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Energy: Tariffs

Volume 733: debated on Tuesday 6 December 2011


Asked By

To ask Her Majesty’s Government what action they will take to ensure that all energy companies provide a straightforward and easily understood tariff structure for customers, in the light of the report by Ofgem published on 1 December.

My Lords, the Government welcome proposals published last week for consultation by Ofgem to simplify tariffs and billing information. The proposals should make it much easier for consumers to understand and compare tariffs. It is for Ofgem, as the independent regulator, to take forward the proposals.

My Lords, some things work better in principle than in practice. Is the Minister aware that Ofgem admits that its proposals to do the very things he just outlined may not be implemented until after winter 2012, and even then, only if the industry fully gets behind the changes? Given that the Daily Telegraph today reports that energy company profits are higher now than at any time since privatisation, and have risen by 40 per cent in the last three months alone, are the Government ever going to do anything to tackle this problem and help customers?

The Government are going to do a lot to help customers. Ofgem’s proposals to simplify bills and make them transparent are ground-breaking—particularly the proposals to have standing order charges on the bill and set by Ofgem. Make no mistake: the Government’s entire policy is based on what is to the benefit of the consumer. That is at the heart of every decision we make. In the consultation process, this Government will be talking through the proposals with Ofgem. It is not surprising that they will not be implemented until 2012 because they are under consultation. Until the consultation is over, and Ofgem has had reports from the electricity companies, we will not be able to see the final outcome.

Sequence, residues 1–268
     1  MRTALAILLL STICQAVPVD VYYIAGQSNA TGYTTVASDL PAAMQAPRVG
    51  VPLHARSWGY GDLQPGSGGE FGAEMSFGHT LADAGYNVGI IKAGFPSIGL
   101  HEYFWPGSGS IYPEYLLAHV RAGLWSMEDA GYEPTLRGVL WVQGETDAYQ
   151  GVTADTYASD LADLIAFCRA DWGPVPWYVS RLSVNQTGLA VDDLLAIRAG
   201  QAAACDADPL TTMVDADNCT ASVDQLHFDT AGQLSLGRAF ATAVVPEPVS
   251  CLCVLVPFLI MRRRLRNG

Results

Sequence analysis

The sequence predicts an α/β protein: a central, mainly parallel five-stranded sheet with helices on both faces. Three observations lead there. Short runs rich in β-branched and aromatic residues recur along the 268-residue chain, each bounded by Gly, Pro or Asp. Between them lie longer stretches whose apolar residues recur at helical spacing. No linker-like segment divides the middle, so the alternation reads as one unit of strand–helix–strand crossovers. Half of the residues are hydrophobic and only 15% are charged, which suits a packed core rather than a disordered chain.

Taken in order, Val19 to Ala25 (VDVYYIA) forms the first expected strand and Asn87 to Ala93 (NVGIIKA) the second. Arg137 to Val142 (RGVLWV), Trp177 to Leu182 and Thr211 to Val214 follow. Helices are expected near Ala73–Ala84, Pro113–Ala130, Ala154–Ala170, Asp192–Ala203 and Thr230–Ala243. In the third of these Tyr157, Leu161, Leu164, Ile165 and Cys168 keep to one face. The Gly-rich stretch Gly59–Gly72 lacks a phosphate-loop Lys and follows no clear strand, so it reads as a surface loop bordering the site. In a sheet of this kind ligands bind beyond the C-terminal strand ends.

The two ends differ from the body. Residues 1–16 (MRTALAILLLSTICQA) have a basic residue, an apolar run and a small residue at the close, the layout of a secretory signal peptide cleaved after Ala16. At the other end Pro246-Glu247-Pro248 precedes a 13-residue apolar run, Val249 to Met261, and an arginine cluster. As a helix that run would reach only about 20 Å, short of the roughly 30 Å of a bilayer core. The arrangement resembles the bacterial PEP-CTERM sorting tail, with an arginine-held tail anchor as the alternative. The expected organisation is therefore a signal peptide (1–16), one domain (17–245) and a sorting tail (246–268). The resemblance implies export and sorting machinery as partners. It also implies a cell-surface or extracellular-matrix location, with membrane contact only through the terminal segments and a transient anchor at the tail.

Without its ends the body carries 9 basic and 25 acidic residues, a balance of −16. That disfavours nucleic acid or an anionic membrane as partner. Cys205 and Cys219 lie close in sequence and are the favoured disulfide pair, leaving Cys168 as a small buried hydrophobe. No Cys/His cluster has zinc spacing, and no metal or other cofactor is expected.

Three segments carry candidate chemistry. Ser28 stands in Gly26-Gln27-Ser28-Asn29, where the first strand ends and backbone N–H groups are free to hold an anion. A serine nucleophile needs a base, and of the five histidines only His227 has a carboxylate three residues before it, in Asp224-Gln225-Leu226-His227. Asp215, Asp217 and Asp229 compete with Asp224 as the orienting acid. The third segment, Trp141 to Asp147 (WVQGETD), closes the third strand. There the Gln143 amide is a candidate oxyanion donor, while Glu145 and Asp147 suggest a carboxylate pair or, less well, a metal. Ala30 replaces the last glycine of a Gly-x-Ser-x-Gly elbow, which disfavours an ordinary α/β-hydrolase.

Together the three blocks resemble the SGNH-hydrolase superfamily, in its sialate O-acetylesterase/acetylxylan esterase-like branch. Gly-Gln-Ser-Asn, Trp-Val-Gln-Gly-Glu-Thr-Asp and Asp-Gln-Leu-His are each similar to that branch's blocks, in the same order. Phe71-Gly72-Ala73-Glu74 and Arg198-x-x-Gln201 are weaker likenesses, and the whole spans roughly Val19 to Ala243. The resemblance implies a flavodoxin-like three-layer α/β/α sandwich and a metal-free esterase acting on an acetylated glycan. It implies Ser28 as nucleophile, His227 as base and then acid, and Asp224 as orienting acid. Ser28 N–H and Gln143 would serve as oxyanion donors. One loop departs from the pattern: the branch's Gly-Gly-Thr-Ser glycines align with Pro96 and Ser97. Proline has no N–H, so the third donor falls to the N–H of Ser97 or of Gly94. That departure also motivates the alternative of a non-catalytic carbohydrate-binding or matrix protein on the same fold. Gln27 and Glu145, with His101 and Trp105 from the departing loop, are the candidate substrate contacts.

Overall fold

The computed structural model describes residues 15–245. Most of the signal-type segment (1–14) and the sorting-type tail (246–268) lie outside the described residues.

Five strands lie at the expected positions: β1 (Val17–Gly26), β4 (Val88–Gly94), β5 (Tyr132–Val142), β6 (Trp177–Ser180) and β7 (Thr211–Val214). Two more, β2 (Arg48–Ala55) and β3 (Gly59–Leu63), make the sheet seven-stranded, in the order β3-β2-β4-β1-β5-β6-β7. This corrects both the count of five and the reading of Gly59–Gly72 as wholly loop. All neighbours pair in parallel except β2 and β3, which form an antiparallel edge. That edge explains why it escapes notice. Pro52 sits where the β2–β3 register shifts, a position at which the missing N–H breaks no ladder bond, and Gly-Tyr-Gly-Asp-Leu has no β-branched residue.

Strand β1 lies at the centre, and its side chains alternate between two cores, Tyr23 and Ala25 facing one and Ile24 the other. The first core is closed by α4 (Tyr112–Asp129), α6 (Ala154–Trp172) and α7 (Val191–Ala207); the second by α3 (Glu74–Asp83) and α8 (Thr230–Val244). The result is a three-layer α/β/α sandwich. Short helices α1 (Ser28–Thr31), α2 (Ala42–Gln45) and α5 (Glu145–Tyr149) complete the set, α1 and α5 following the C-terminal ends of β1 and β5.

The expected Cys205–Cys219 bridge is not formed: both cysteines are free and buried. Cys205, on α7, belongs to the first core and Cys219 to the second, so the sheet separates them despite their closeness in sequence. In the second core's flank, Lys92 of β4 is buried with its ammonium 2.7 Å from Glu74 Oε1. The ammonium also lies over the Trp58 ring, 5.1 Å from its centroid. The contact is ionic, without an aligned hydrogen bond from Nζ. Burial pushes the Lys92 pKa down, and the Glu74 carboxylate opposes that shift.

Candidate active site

My Lords, does the Minister agree that the Government’s plan to roll out smart meters over a five-year period from 2014, rather than have the current dumb ones, is the real way to give consumers control over their energy charges? Should smart meters not automatically be able to tell consumers the best tariff?

I totally agree with my noble friend. We intend to start rolling out smart meters in 2014. Our department is spending nearly £40 million on the development of smart meters, which will be state of the art. By 2019, every home should have a smart meter that should provide this vital information for people to be able to compare the tariffs.

My Lords, how are we getting on with proposals for a rising block tariff system of energy prices whereby low volume consumers of power pay a lower price per unit than high volume users of power?

I am grateful to the noble Lord for explaining high block tariffs. Clearly, it is an issue which finds favour with both sides of the House and I have noble friends on this side who are very keen to see this happen. We have facilitated consultation with Professor Hills, for example, on this subject, so that he can take it into account in the fuel poverty review he is carrying out at the moment. It is something of great consideration. The noble Lord has a long history in raising this point and I am grateful to him.